When I come down from my home office at the end of the day, my six and three-year-old sons might be watching television quietly or they could be having some beef over a car, Lego creation, or just because. I’m not at the bottom of it yet, and my wife, Jenny, will declare, “You take them,” and walk into the other room. She checks out.
I understand the frustration our wonderful and relentless boys can generate. But in moments like these I feel blindsided. The 13 steps aren’t enough of a transition from day job to parent and I’m not yet ready to jump in, although I have no choice. I also feel as if my wife is just checking out when the moment gets tight and wiping her hands of the moment in favor of me handing the situation.
“That’s exactly what I’m doing,” she tells me. “I’ve done my time. I’m done.”
There are myriad benign reasons for a partner to retreat into a different room, or the screen of a phone: exhaustion, hunger, and everyday stress just being a few of the common ones. And, as far as the experts are concerned, it’s a fair move.
“Everybody needs to tap out,” says Debra Roberts, a licensed social worker and author of The Relationship Protocol: How to Talk, Diffuse and Build Healthier Relationships.
It’s also how anyone is going to regulate himself or herself. It’s like the ocean. The waves have to go out to come back in. “If we didn’t disconnect, we’d never reconnect,” says Keith Miller, licensed clinical social worker in Washington, D.C. and author of 21-Day Marriage Transformation: The Simple Antidote to Relationship Conflict and Negativity.
The question, and the cause of the frustration and even resentment, is often the uncertainty of when the self-timeout will end. It’s easy for the other parent to feel stranded, and it’s plausible in these moments to ask, “When are you coming back?,” or even, “What’s up?” But questions like these, even when delivered calmly, can be non-starters, Miller says.
Even if they weren’t, they’re short-term fixes, which aren’t really in short supply. Parents get locked into dealing with the immediate situation, shifting between management and damage control. It’s tiring and it lends itself to frustration. “It you’re just winging it, everything feels like a curveball,” Roberts says.
Part of the answer, then, is better planning. It could be as simple as asking on a Sunday, “What does the week look like?” This gives the chance to announce deadlines, appointments, and predict pockets of stress, and what is now known can be scheduled for and expected.
The larger answer, however, lies on eliminating frustrating moments, lessening any reason to check out.
Parents tend to feel the need to check out when they police and oversee every battle. To lessen those moments relies on getting the kids to work out their own disagreements says Dr. Pat Love, relationship expert and co-author of You’re Tearing Us Apart.
It’s not a quick process, she adds, but kids as young as three already understand what riles up an older sibling, so they can also learn how to do the opposite. From the parents, it takes patience, consistency, and saying every so often, “If I have to decide, you might not like the results,” to give some motivation, and unless there’s a chance of injury, moving away from the action.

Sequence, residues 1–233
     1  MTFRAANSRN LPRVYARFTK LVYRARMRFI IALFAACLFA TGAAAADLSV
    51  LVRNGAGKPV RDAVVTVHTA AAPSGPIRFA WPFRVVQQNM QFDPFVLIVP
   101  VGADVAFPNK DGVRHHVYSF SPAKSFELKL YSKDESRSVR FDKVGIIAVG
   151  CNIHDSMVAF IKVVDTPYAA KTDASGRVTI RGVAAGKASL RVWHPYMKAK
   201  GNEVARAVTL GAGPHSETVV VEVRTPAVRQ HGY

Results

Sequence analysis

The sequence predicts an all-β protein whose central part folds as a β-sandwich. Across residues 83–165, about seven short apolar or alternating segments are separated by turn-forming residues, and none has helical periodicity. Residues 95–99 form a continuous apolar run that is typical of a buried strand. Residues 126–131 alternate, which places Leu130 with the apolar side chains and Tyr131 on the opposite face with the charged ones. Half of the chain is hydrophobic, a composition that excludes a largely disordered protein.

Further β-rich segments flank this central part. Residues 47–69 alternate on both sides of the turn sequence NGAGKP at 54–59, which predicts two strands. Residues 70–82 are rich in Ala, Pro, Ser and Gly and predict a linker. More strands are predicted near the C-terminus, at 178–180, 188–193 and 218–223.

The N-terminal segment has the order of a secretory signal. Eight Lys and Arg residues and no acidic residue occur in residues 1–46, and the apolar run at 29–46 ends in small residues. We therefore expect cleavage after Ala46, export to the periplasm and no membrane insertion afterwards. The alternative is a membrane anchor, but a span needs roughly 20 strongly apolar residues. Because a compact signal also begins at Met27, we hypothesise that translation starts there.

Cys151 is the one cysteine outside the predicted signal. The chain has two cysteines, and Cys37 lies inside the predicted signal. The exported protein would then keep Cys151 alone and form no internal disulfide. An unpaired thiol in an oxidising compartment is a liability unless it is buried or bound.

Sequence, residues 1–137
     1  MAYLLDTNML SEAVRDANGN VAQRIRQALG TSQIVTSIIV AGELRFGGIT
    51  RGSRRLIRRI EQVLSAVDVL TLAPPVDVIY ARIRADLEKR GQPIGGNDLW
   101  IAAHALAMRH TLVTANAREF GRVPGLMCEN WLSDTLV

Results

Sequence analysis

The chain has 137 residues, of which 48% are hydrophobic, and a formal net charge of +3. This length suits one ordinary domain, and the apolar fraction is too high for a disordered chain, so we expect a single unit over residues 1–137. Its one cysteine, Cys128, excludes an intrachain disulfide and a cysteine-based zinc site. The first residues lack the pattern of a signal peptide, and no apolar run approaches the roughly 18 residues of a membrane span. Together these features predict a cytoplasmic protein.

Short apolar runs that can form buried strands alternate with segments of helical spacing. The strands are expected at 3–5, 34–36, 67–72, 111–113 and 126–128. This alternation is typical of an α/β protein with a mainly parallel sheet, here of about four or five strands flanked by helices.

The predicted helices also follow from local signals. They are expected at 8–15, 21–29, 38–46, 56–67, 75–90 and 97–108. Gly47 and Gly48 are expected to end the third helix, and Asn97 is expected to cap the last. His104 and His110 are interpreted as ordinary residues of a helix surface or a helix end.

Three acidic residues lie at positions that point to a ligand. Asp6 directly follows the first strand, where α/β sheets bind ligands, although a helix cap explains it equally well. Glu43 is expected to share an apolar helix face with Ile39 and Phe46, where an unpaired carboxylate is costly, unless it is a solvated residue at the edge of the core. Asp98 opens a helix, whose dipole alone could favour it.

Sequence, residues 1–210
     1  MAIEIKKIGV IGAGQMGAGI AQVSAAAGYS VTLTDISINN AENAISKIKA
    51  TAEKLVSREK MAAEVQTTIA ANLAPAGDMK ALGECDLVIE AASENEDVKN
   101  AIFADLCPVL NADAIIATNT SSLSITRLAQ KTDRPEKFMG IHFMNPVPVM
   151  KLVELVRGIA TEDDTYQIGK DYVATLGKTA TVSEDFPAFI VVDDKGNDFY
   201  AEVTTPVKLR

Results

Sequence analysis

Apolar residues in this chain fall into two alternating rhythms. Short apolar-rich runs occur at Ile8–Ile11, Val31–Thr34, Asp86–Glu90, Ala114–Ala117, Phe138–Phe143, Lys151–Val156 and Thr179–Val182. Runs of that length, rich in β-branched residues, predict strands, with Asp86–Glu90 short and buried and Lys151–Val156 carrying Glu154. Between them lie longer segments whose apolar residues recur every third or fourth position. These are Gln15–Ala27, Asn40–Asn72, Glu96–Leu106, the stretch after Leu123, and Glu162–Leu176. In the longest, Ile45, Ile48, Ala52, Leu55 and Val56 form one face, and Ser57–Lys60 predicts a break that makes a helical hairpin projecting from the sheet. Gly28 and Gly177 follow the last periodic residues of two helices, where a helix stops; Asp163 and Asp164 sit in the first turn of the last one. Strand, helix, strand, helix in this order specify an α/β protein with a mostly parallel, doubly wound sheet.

That’s one part. The other, bigger part when the kids are acting up and someone is about to check out, per Love, is to step in and whisper, “Guys, come over here,” followed by, “How could we help [mom/dad] right now?”
The move is multifold. Coming in quiet tamps down adding more emotion to a hot situation. It’s another chance for the kids to problem solve, and it sends the message that the other parent feels appreciated and supported. “You’re setting up a beautiful system,” Love says. “The kids know, ‘If Dad loves Mom, my life will be calmer and more secure.’”
One more. A step up from, “How’s the week look?,” is a full-on weekly family meeting. On the agenda is all the stuff that worked from the previous week from brushing teeth to listening on bikes to cleaning up without being asked. There’s talk of the things that didn’t work and how they can be improved, and how all of that can make the upcoming even better, Love says.
Kids are good for 10 minutes with input and that gives them buy-in. After that, parents can continue, and, in the early stages, discuss the seed issue of how to handle those moments when one needs to checkout. Negotiate the details – how many is allowed per day or week; how long before someone checks back in – with the underlying agreement that when it’s asked for, it’s given, because even though it’s probably not at an ideal time, no one is crying wolf, Love says.
And this sends more messages to the kids. They see an inclusiveness to how the house operates, and they see parents who are about fixing problems. For the parents, there’s less unilateral thinking, less foisting of decisions onto others to figure out, and with that, partners are more willing to step in and take over, because, per Love, “It may not go your way, but at least you were considered.”
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